On Wednesday, police charged the man who shot up three massage parlors in the Atlanta area, murdering eight people.
Six of the victims were women of Asian descent, officials said, with their Tuesday evening deaths sparking fear and anger in the Asian-American community.
21-year-old Robert Aaron Long was charged with eight counts of murder and one count of aggravated assault in the Cherokee County, Georgia shootings, Sheriff Frank Reynolds said. Currently, Long is in custody in Cherokee County without bond, with officials saying the gunman waived his right to an attorney.
The shooter had informed police he was driving to Florida when he was apprehended after the shootings Tuesday evening, said Capt. Jay Baker of the Cherokee County Sheriff’s Office. According to Baker, Long said he may have been trying to carry out similar violence at a business tied to the “porn industry” there. After his parents told the authorities they believed their son might be the suspect, the police were able to track his phone, and Long was arrested.
Long also told police that he targeted the parlors because he blamed them “for providing an outlet for his addiction to sex,” law enforcement officials said Wednesday.
“It’s a temptation for him that he wanted to eliminate,” Baker said. “He said it was not racially motivated.”
Despite the gunman’s claims that it was not motivated by racism, authorities said they had not ruled out bias as a motivating factor. This comes as reported hate crimes against Asian-Americans and Pacific Islanders have skyrocketed since the start of the pandemic.
In a report published on Tuesday, the group Stop AAPI Hate said it had received reports of 3,795 hate incidents between March 19 and February 28. However, according to the group, the number could be higher due to not all incidents being reported. The report was released the same day as the three shootings.
Founded in March of last year to fight against hate crimes during the pandemic, Stop AAPI Hate gathers data on incidents of hate and harassment against Asian-Americans and Pacific Islanders in the United States.
Moreover, Long had confessed to the shootings and that he seemed to be acting alone, Baker also said.
Reynolds also said, “We believe he frequented these places in the past and may have been lashing out.”
Following a manhunt, Long was arrested about 150 miles south of Atlanta, the authorities said. Earlier, they had released a surveillance image of a suspect near a Hyundai Tucson outside one of the parlors.
Four of the murder counts and the assault charge are tied to the first shooting, in Cherokee County, and the other four murder counts pertain to the shootings at two parlors in Atlanta less than an hour later, according to the authorities.
So far, four of the victims have been identified as Ashley Yaun, 33; Paul Andre Michels, 54; Xiaojie Yan, 49; and Daoyou Feng, 44, per the BBC. Elcias R. Hernandez-Ortiz was identified as having been injured.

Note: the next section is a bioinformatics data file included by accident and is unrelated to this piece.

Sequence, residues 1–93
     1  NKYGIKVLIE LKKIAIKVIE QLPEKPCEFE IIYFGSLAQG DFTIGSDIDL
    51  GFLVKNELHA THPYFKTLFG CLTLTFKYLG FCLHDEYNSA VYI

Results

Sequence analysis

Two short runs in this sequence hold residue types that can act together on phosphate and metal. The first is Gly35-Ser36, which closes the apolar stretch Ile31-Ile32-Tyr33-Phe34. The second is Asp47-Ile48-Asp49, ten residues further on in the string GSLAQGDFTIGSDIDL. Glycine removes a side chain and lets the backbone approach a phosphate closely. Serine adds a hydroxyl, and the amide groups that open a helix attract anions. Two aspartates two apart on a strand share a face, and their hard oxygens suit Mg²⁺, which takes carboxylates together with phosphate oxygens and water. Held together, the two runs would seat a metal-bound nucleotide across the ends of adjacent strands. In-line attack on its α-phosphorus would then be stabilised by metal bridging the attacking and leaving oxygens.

Rodney Bryant, the acting chief of the Atlanta Police Department, said it was not clear yet whether the shootings would be classified as a hate crime.
“We are still early in this investigation, so we cannot make that determination at this moment,” Bryant said. “We are just not there as of yet.”
You can follow Douglas Braff on Twitter @Douglas_P_Braff.
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Mavericks Owner Mark Cuban Buys Entire Texas Town
‘No Plans Yet’, Cuban Says About His Purchase of Abandoned Texas Town of Mustang
Forget becoming Mayor of a town, Dallas Mavericks owner Mark Cuban is now the owner of a town. Cuban reportedly purchased the entire town of Mustang, Texas. The town is virtually abandoned with no current residents, “and it’s been several years since the last two businesses, Wispers Cabaret strip club and Lion’s Den adult bookstore, operated” reports NBC News.
In a brief email explaining the purchase to NBC News on Friday, Cuban wrote “did it to help out a friend. No plans yet!” The town of Mustang is roughly 65 miles south of American Airlines Center, the home of the Dallas Mavericks.
According to Mike Turner, president of Dallas real estate firm J. Elmer Turner, the town had been for sale on the market about four years, listed after the principal owner Marty Price became ill and decided to sell.
Price was an attorney who died this past August; a devoted basketball fan with Mavericks floor seats. “Mark Cuban stepped up, and it was a natural for him to buy it” Turner told NBC News. “With his resources and imagination, I’m sure there are endless possibilities.”
Turner did not reveal the final sales price but admitted it closed last month for less than the $4 million asking price. Jerry Newsom, chief of the volunteer fire department in the neighboring town of Angus, told NBC Dallas-Fort Worth “we’re excited to have him as our neighbor here, and we’re excited for the growth and the potential it has.”
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